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Suing an Ontario Defendant – Security for Costs

Tal lives in Tel Aviv.  He invests $500,000 with Allen for a business venture located in Toronto Canada.  An additional $1,500,000.00 is borrowed and then Allen ignores Tal’s calls and refuses to report about the business.  Upon investigation Tal finds out there was no business.  Allen refuses to give Tal his money back and a law suit is launched.  The first hurdle Tal will face is a motion brought by Allen for security for costs.

In Ontario the loser of the law suit is often ordered to pay a portion of the winner’s legal costs.  Allen argues that if Tal loses his law suit there is a concern that any cost order against him would be unenforceable.  In cases like this the Ontario Rules of Civil Procedure provides a mechanism for the Ontario defendant to ask the court to order Tal to provide security for costs1.

Allen will argue that Tal is ordinarily resident outside Ontario, that there is good reason to believe that the law suit is frivolous and vexatious and/or that Tal has insufficient assets in Ontario to pay the costs of the defendant.

Tal might respond that the reason he has no assets in Ontario is because Allen took it all for an apparently bogus business deal.  Tal will argue that his claim has merit and that Israel has a statute2 that provides for reciprocal enforcement of judgments so the risk of an unpaid cost order is minimized.  Further, Tal has a home in Israel which is worth more than enough to satisfy any Ontario court cost order.

Under Ontario law a foreign plaintiff can possibly defeat an order for security by establishing that he has assets that can be used to satisfy a cost order in a reciprocating jurisdiction.  However, Allen will argue that under Israeli law3 there are restrictions on the ability to take someone’s home away to pay a debt so Tal should pay the security for costs. What would the court say?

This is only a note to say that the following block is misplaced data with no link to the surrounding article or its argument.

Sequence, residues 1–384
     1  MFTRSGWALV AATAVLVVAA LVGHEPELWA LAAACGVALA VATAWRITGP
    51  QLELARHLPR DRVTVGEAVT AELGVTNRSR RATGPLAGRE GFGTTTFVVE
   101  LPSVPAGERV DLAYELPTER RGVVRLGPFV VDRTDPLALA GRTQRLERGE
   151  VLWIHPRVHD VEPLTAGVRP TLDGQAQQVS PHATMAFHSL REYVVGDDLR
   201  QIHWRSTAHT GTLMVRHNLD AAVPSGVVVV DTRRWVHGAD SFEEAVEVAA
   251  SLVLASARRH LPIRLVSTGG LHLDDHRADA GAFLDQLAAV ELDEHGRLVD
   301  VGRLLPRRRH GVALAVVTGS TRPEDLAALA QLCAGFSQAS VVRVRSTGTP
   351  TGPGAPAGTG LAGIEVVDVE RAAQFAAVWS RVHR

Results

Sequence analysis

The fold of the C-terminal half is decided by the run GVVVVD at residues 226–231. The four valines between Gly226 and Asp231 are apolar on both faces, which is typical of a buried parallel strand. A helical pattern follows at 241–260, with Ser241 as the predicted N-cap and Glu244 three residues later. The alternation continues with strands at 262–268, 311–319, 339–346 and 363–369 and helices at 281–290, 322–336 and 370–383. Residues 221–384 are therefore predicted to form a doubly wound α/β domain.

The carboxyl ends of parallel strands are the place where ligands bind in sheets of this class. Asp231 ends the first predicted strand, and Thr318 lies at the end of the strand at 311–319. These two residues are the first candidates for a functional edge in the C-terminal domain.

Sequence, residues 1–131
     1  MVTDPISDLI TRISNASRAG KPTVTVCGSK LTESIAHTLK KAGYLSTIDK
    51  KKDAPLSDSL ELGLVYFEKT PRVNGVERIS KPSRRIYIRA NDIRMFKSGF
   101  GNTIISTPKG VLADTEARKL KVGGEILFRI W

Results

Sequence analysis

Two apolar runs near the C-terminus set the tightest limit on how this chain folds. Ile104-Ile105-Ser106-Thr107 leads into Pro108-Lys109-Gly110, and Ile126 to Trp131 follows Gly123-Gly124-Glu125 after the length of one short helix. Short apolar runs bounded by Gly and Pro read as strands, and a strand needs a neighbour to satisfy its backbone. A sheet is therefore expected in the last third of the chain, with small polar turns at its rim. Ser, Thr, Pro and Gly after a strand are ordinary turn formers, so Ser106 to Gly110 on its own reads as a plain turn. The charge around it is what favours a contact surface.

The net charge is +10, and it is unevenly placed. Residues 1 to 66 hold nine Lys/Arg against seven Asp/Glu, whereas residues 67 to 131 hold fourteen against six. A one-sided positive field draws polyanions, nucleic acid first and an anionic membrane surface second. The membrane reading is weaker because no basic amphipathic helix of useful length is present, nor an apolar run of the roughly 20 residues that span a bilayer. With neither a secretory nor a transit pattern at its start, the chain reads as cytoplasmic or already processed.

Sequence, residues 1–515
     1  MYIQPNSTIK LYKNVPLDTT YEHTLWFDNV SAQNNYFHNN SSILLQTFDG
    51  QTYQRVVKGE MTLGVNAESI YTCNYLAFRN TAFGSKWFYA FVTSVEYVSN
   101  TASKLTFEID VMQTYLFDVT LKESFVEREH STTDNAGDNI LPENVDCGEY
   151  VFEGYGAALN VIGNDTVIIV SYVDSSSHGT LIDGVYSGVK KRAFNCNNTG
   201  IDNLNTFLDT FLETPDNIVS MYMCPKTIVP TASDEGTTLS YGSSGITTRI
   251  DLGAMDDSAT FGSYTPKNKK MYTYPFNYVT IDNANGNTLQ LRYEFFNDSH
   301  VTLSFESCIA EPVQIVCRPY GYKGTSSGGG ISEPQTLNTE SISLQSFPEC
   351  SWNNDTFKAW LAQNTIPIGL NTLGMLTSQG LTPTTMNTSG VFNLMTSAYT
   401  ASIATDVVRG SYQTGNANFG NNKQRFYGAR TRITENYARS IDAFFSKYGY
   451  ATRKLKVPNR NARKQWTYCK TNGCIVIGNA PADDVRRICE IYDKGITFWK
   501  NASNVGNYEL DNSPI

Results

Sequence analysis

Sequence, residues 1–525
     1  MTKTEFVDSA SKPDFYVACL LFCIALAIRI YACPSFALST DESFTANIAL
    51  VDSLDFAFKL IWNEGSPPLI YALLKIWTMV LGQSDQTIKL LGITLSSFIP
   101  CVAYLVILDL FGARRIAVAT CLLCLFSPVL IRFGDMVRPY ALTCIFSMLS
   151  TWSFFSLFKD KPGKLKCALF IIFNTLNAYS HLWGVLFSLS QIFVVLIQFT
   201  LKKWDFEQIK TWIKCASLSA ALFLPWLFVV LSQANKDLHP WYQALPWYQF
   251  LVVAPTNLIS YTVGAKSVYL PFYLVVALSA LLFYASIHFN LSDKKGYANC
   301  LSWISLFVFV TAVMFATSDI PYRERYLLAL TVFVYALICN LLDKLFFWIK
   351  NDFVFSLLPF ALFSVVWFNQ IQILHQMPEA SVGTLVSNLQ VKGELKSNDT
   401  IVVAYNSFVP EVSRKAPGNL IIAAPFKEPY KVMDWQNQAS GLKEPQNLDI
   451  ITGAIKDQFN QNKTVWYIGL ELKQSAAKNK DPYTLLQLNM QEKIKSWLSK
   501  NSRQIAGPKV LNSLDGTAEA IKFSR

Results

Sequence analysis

There is a very interesting case relevant to our scenario that was heard by the Superior Court of Justice in Ontario called Uribe v. Sanchez4.  In that case a Florida plaintiff claimed he had no money to pay security for costs and that Florida had legislation permitting the enforcement of foreign money judgments that would include a judgment for costs made in Ontario.  So – argued the plaintiff, there was no risk to the defendant.  The judge disagreed.

The problem with the Florida plaintiff’s argument was that Florida law exempts a person’s primary place of residence from such a judgment. In this case the court ruled that this does not meet the test as to sufficiency and quality of assets in the reciprocating jurisdiction. Despite the merits of the plaintiff’s claim, the judge was not satisfied that the plaintiff could not post security or that the plaintiff would be prevented from pursuing a meritorious claim if he were required to do so.  Would an Ontario Judge see the Israeli legislation called the “Execution Law” the same way? It provides that a property that is the family home is not to be sold unless the Execution Office is convinced that the family has reasonable alternate accommodation.

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  1.   See Rule 56 Security for Costs RULES OF CIVIL PROCEDURE – R.R.O. 1990, Reg. 194
  2.   See Foreign Judgments Enforcement Law – 1958
  3.   See the Israeli statute called the ‘Execution Law’, which says that a property that is the family home is not to be sold unless the Execution Office is convinced that the family has reasonable alternate accommodation.

    הגנת דירת המגורים (תיקון מס’ 15) תשנ”ד-1994 (תיקון מס’ 29) תשס”ט-2008

    38.   (א)  היו המקרקעין שעוקלו משמשים, כולם או מקצתם, דירת מגורים לחייב, לא יהיה רשם ההוצאה לפועל רשאי להורות על מכירת המקרקעין ועל פינוי החייב ובני משפחתו הגרים עמו מהמקרקעין, אלא לאחר שהוכח, להנחת דעתו, שיהיה לחייב ולבני משפחתו הגרים עמו מקום מגורים סביר או שיש לו ולבני משפחתו הגרים עמו יכולת כלכלית המאפשרת מימון מקום מגורים סביר, או שהועמד לרשותם סידור חלוף.

  4.   Uribe v. Sanchez 2006 CanLii 19498 (ON S.C.)
Toronto Estate Litigator - Charles Wagner

The author of this blog is Charles B. Wagner. Charles is a Certified Specialist in Estates and Trusts and partner at Wagner Sidlofsky LLP.

This Toronto office is a boutique litigation law firm whose practice is focused on estate and commercial litigation.

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This blog is not intended to serve as a comprehensive treatment of the topic. It is not meant to be legal advice. Every case turns on its specific facts and it would be a mistake for the reader of this blog to conclude how it might impact on the reader’s case. Nothing replaces retaining a qualified, competent lawyer, well versed in this niche area of practice and getting some good legal advice.
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